ST. PAUL -- Credit unions have been described as financial delicatessens: small neighborhood shops with a limited selection and a friendly, personable staff.
But recent changes in the financial industry have increased competition while allowing credit unions to become financial supermarkets. In fact, credit unions were the first group in the financial services industry to be deregulated, and they are still feeling the effects.
Says Allyn Long, nonbank supervisor in the Minnesota state banking department: "They had to grow and get profesional management. Things have become much more complex, and volunteers who run credit unions didn't have the expertise to handle that."
Yet some credit unions continue to be staffed by volunteers and offer a limited range of services.
Credit unions are much like savings and loan associations in that they are mutual associations, essentially not-for-profit, owned by their depositors. The crucial difference is that, unlike S&Ls, credit unions are not burdened with heavy mortgage portfolios and have not had to suffer the fallout from the interest rate crunch of recent years.
Deregulation has had a paradoxical effect on credit unions in Minnesota, as well as in the rest of the country: They have grown in size while they have shrunk in number. Credit unions that couldn't cope with the changes were merged or liquidated. Those that could cope have grown substantially.
Mergers and liquidations have cut the number of credit unions in Minnesota by 118 since 1970, from 415 to 297.
In the last three and a half years, there have been 36 mergers, three liquidations, and three new charters, reducing the total by 10%. National Total Down 10%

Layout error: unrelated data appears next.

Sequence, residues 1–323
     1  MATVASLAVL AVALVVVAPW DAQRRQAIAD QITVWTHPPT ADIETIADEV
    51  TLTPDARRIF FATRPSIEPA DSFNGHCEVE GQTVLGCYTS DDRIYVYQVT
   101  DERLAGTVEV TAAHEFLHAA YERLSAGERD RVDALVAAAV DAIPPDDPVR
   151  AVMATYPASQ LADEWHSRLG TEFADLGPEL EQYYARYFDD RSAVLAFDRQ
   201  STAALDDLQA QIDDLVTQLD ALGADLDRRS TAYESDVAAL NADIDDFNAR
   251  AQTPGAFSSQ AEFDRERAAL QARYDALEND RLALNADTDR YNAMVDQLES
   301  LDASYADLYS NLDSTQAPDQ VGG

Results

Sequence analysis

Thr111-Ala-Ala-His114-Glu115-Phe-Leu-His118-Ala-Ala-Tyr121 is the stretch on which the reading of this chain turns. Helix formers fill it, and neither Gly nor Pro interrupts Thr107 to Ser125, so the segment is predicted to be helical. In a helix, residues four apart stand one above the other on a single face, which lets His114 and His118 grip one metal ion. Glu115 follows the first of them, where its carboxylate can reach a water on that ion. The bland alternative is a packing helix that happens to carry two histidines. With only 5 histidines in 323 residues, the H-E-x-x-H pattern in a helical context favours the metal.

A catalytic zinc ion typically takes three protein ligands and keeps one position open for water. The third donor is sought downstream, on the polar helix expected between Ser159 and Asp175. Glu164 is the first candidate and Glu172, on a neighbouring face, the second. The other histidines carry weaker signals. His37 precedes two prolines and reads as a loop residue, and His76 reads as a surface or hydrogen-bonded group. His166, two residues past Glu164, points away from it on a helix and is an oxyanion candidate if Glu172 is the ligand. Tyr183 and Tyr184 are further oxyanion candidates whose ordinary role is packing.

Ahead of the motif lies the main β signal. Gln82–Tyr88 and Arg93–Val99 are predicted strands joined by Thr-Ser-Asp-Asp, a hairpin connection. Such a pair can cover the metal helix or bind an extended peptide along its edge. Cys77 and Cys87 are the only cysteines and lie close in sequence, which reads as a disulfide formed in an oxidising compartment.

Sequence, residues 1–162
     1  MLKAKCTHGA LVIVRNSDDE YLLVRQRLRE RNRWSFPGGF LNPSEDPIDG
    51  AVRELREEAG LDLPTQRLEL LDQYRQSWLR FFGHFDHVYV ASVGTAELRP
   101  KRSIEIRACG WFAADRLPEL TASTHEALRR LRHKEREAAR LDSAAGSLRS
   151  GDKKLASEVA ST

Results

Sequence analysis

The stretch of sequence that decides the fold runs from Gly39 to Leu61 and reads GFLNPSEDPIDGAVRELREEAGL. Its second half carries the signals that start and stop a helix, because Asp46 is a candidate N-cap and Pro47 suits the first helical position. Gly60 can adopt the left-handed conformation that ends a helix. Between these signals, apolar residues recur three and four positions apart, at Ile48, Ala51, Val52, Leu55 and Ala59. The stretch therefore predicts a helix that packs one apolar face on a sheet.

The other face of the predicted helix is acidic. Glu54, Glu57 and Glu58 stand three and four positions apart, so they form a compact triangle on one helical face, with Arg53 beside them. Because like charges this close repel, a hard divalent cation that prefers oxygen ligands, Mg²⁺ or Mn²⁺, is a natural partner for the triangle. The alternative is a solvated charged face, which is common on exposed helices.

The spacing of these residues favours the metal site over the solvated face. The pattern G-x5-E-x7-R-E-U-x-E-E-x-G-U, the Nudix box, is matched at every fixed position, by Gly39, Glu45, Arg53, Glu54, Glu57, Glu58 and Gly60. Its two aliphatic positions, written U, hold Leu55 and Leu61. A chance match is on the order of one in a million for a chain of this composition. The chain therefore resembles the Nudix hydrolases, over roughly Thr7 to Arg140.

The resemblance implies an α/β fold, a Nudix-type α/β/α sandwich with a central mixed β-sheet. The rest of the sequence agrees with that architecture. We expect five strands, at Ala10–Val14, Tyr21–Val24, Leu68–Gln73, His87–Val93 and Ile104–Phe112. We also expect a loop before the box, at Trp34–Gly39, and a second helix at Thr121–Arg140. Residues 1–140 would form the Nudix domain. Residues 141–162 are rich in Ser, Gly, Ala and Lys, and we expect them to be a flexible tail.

Nationally, there were 1,831 mergers, 866 liquidations, and 771 new charters in the same period, also reducing the number of credit unions in the nation by 10%, to about 16,500. Mergers and liquidations are common among credit unions, while new charters are rate.
"I think we'll continue to merge with small credit unions that are having difficulties," said Rod Lydon, head of the Minnesota Central Credit Union, which has absorbed many struggling credit unions in the Twin Cities.
Although no minimum standards for capital adequacy have been set by federal regulators, as have been set for banks and S&Ls, some credit union analysts believe the ratio of net worth to assets should be between 8% and 12%.
One expert, Joseph Lents, a partner in Nearman and Lents, a certified public accounting firm specializing in credit union auditing and management services, believes that 12% is the minimum ratio that directors should accept.
In fact, a recent public survey by the National Credit Union Association, a trade association for credit unions, showed a great deal of concern about the safety of financial institutions. Those respondents' had less faith in credit unions than other savings institutions, such as banks, S&Ls, and money market mutual funds.
As for Minnesota's top 50 credit unions, just 18 -- a little more than a third -- had net worth-to-asset ratios of 8% or more, including six that were at 12% or more. The total net worth for the 50 credit unions was $75.4 million, a net worth-to-assets ratio of 6.6%. Eleven of the credit unions lost money in 1982. Deregulation Offers Chance to Grow
Yet deregulation continues to provide credit unions with opportunities for growth. Assets of the state's credit u nions total $1.52 billion, having nearly tripled over the last eight years. (But in total, they still hold less than a fourth of the asset total held by First Bank Minneapolis, the largest bank in the state.)
This rapid growth owes much to the fact that credit unions were first in offering several new financial services. Indeed, they still can offer some services that banks and S&Ls cannot. And now, that …